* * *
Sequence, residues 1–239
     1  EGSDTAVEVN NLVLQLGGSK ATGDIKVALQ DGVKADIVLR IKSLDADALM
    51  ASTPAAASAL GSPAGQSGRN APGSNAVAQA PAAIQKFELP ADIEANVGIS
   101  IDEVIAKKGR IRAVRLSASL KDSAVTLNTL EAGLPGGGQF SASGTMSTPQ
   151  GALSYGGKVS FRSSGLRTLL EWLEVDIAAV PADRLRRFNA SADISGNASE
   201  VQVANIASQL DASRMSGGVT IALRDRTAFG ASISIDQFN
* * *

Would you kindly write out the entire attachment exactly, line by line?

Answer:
Sequence, residues 1–239
     1  EGSDTAVEVN NLVLQLGGSK ATGDIKVALQ DGVKADIVLR IKSLDADALM
    51  ASTPAAASAL GSPAGQSGRN APGSNAVAQA PAAIQKFELP ADIEANVGIS
   101  IDEVIAKKGR IRAVRLSASL KDSAVTLNTL EAGLPGGGQF SASGTMSTPQ
   151  GALSYGGKVS FRSSGLRTLL EWLEVDIAAV PADRLRRFNA SADISGNASE
   201  VQVANIASQL DASRMSGGVT IALRDRTAFG ASISIDQFN